In reality, there are two closely related problems. A truly derelict vessel is an abandoned one. It might be abandoned while riding at anchor, or it may be sunk or perhaps run aground in shallow waters or on shore. Not surprisingly, in the aftermath of hurricanes, the population of DVs soars. A quasi-derelict vessel fits the same description except that there are people living on board.
Both kinds of DVs can constitute visual blight. They can be just as ugly and just as objectionable as junk cars abandoned along the roads. Property owners who see DVs every time they look our their expensive windows, are especially incised. On the other hand, there are few waterfronts in the whole world that don't have some DVs and many people consider them picturesque. Remember though, that the skeletons of wrecked pirate ships will rot and disintegrate with time. Plastic hulls will not.
Quasi-DVs with people on board have the further problem of having toilets that must eventually drain their waste directly in to the water, unless they arrange for some kind of pump-out. Cruisers do use pump-outs. Even though studies show that the actual pollution caused by DVs is a negligibly small fraction of total water pollution, they make a highly visible and irritating source that elevates their true negative impact.
Florida and other states are finding it very difficult to pass laws to get rid of DVs. Making a written legal definition of DV is hard. Making laws that are easy and inexpensive to enforce is hard. Especially difficult is the problem of making a law that draws a clear line defining the difference between undesirable quasi-DVs, desirable cruisers like us, and the continuum of intermediate cases. Existing laws about abandoned vessels, and illegal discharge of waste don’t work well in practice for whatever reason.
Rather than fix those laws, frustrated DV opponents are trying a different and tangential approach -- they are trying to restrict anchoring for everybody. Basically, they hope to use the number of days at anchor to define the difference between DVs and cruisers. Of course, all cruisers and desirable cruisers are up in arms in opposition.
To be fair, remember that cruisers start from a pretty privileged point. Imagine someone being allowed to park a car on the side of the road and to live there rent free and tax free for years. The boating tradition differs greatly from land traditions. Nevertheless, no matter how unfairly rights are distributed, they need to be defended.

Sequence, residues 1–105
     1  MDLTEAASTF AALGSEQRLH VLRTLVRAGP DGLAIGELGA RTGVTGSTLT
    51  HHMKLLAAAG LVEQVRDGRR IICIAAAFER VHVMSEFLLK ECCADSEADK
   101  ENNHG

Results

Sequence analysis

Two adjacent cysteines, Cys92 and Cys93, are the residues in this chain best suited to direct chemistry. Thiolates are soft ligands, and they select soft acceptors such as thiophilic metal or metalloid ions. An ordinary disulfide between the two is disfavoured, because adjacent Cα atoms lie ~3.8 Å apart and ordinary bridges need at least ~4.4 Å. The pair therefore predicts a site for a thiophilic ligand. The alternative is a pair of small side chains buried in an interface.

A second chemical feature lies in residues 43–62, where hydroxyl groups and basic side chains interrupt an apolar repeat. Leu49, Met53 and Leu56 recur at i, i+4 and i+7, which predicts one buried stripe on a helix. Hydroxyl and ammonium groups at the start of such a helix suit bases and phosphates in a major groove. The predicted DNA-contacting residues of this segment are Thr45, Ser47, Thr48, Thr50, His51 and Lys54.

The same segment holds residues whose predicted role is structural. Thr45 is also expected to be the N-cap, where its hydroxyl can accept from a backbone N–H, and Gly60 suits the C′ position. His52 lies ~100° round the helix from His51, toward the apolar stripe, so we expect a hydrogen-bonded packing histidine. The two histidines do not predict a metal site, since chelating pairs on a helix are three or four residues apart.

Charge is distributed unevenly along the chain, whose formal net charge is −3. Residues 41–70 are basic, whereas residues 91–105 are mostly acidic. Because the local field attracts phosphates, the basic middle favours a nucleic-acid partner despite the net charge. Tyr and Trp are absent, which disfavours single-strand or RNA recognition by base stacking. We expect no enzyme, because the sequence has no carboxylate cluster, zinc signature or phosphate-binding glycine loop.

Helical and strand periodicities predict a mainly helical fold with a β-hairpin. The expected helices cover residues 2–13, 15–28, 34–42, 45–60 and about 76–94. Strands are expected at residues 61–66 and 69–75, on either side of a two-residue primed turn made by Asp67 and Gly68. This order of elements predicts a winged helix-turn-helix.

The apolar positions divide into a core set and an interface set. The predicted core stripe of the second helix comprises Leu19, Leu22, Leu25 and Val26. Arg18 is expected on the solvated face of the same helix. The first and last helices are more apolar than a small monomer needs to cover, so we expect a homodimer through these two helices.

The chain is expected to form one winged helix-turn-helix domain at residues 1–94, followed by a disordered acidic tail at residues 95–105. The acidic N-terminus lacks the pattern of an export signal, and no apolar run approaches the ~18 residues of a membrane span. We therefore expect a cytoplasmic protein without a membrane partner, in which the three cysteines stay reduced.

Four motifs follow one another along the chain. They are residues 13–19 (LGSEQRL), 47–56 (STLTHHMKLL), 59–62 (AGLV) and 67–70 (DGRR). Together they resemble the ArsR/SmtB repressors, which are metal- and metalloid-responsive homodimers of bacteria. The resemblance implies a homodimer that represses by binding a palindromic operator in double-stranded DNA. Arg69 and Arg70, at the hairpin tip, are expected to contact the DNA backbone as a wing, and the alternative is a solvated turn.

The current DV controversy is a good illustration of the atrocious way we go about making laws in our American Democracy. For example, economic stimulus bill passed last week was 1200 pages long, and legislators had only from midnight to 10AM to read it. The result was that nobody knew what they were voting for but this week it is the law of the land. Worse, when we make bad laws, we don’t go back to correct them; rather we tend to pass new laws with a different approach. Over the long term, our law books become encrusted with bad laws like barnacles on the hulls of those DVs. Our system sucks. By the way, I first became libertarian because of exactly this disgust with the efficacy of our government.
We were exposed to a somewhat different system when we lived in Sweden. There the authorities have much more discretion (At least in some cases they do, in other cases they’re just the opposite). I’m thinking of an example in their welfare system. There, a poor person who wants a new sofa can go to the authorities and ask for the money to buy one. There is no written rule about sofas. The applicant has to convince the authority and the authority has to apply his or her best judgment. We abhor that in the USA. We proudly say, “We are a country of laws,” meaning that the laws and regulations must be in written form, leaving little room for discretion. We want a rule defning when a person is entitled to a sofa, and then the applicant can go to the authority and demand one rather than beg for one.
In pop culture, we do the same. Think of the Sheriff in the book and movie Rambo, First Blood. The local sheriff used his discretion and judgment to decide that war hero Rambo was an undesirable. The audience was led to think of the Sheriff as a villain who abused his power. We hate it when authorities act arbitrarily, and we consider exercise of judgment without explanation arbitrary. So which is the cause and which is the effect. Does popular culture shape public opinion, or visa versa? I don’t know.
In the context of DVs, I can say that the rational solution to the problem would be to give the officials the authority to say, “I know a DV when I see one,” and to act with authority on that judgment. We won’t do that though. We’re too afraid of petty tyrants abusing that power. In Sweden, they do not expect abuse or incompetence in government, and in most cases they get what they expect.
The whole point of this blog post is: one would think that since we depend so much on written laws, that we would be much more careful in forrmulating them; yet we aren't.